Despite What Stats Say, Bielema Sees Positives Following Saturday’s Loss

15220700_BG1.jpegThere are always two ways of seeing things, for Wisconsin the stats tell a very ugly story, but on the flip side is a young team that went in and dominated play early on Saturday night. On Monday head coach Bret Bielema chose to emphasis the positives following Wisconsin's 30-27 loss to Nebraska.

"The only thing you can deal with is the situation that you're in. We're 3-2. Would we rather be 5-0? Absolutely. We could also be 1-4," said head coach Bret Bielema during Monday's press conference. 

"We've lost a Big Ten conference game, but we haven't lost anything within our division. This week it's not the case. We have Illinois coming to town, and Illinois is in our division, and they obviously want to go to Indianapolis as bad as we do. All you can do is focus on the task at hand." 

Those statements are just a sampling of the positives that Bielema somehow took away from the debacle in Lincoln, NE on Saturday night.

On the other side of those positives are numbers that are shockingly bad for the Badgers, especially on offense.

Wisconsin's offense ranks 9th in the Big Ten in scoring offense at 22.6 points a game, just .6 points off the bottom of the league and if that weren't bad enough the deeper you dig into it the worse it gets. The offense ranks dead last in total offense, averaging just 309.4 yards a game, a full 40 yards less than the next worst team – our opponent on Saturday, Illinois.

Once feared for the ability to run the ball nearly at will the Badgers haven't been able to muster anything in terms of the rushing attack. The Badgers are averaging just 125.6 yards a game, dead last in the Big Ten. Seriously, we've got a statistically worse rushing attack than Iowa, Penn State, and Indiana – that's just pathetic at the moment.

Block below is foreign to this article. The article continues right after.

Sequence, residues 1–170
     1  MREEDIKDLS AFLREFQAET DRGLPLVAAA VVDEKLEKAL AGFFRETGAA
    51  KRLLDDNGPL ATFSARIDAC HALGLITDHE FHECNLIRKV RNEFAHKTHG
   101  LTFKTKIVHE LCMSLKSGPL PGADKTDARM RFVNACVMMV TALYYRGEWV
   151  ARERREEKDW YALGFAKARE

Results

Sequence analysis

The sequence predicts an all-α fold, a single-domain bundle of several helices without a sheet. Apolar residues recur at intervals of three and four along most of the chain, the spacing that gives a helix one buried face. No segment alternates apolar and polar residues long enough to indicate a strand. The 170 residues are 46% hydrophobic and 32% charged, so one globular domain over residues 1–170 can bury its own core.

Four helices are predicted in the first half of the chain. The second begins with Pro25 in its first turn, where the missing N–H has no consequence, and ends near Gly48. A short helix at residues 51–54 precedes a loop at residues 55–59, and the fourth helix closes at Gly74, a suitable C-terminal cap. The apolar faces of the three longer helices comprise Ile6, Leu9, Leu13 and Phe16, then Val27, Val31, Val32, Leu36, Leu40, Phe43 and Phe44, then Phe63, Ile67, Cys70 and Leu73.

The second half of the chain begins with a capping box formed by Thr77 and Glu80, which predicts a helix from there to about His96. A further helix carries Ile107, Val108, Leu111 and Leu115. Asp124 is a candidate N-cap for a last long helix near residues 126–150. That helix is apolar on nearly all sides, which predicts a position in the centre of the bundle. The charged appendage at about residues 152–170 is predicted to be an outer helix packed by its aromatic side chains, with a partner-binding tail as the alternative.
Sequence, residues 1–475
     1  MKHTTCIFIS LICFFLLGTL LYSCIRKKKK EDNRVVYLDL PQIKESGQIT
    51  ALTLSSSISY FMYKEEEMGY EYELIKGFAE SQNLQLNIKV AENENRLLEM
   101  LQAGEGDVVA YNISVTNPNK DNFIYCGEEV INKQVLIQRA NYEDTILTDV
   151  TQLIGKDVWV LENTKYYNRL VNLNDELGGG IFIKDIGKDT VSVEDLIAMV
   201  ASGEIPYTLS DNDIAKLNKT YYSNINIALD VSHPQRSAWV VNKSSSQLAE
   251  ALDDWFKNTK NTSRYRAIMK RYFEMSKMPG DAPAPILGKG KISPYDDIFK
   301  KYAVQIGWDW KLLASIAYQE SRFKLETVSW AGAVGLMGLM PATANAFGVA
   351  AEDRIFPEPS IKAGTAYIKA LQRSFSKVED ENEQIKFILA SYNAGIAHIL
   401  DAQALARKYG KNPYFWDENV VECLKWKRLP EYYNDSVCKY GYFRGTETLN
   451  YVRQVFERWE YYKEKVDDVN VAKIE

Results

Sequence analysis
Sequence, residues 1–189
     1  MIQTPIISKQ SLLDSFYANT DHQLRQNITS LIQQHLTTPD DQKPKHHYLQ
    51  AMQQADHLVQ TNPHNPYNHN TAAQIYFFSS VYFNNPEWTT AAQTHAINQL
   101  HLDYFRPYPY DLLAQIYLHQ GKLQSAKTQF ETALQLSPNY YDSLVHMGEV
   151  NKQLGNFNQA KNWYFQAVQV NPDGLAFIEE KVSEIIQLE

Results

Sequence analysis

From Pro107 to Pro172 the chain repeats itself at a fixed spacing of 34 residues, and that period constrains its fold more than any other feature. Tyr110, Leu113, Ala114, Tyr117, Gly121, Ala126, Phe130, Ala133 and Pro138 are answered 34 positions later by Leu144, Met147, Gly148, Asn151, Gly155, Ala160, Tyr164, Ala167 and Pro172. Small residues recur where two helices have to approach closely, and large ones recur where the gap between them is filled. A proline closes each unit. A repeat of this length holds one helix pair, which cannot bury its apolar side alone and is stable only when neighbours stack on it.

Just when you thought it couldn't get worse – Wisconsin is also dead last in passing offense, averaging just 183.6 yards a game. Only Iowa, Northwestern, and Michigan State have fewer passing TD's than Wisconsin's 5 for the year. Oh, and on the flip side of that the Badgers have given up the most TD's passing of any team in the conference with 10.

The game against Nebraska was a huge microcosm of what's been happening stats wise for the Badgers all season long. Wisconsin's defense was about as bad as it has been all season long, giving up 259 yards rushing and allowing Taylor Martinez to do what he wanted nearly at will on his way to being named Big Ten Co-Offensive Player of the Week.

Wisconsin had just 56 yards rushing as a team and if you're keeping track at home that's a full 203 yards less than the Huskers managed on the ground.

But in keeping with Bielema's positive theme the Badgers do have some of the best special teams play in the Big Ten, coming in first in punting averaging 42.8 yards per punt and a 40.6 net average and owning the best kick coverage unit in the conference as well. So there's that, right?

Despite all of that evidence there was plenty to be gained from the loss to Nebraska and a lot to like about it as well.

"I learned a lot about our football team. I learned a lot about them in the first half, learned a lot about them in the second half," Bielema said. "I get excited because a lot of the things that you saw unfold, a lot of them came within our way of doing things." 

You can't win games when you are giving up more yards than you are gaining, yet that's what Wisconsin is doing – giving up nearly 350 yards a game while only gaining 309 yards a game. Perhaps you can get away with that against the likes of UTEP and Northern Iowa, but do that against anyone in the Big Ten and you will lose.

The Nebraska loss had to be frustrating for the players and coaches a like, but taking the positive away from it could be the right thing moving forward.

"It's frustrating to lose a football game, but you can't let Nebraska beat you twice," said Bielema. "That's a very, very real thing in the world of college football."

Clearly coming out and ripping your team apart in a press conference isn't the right move, but at least Bielema and Co. recognize that the rest of the season is still in front of them and are keeping their chin up and fighting through it all, despite what the stats and record indicate.

"It's all in front of us." Bielema said in closing out his press conference. "We control our own destiny, and that's a great thing to be able to say."

Andrew Coppens

About Andrew Coppens

Andy is a member of the Football Writers Association of America (FWAA). He is the Managing Editor of MadTownBadger and associate editor of Bloguin's World Cup site, as well as Publisher of Big Ten site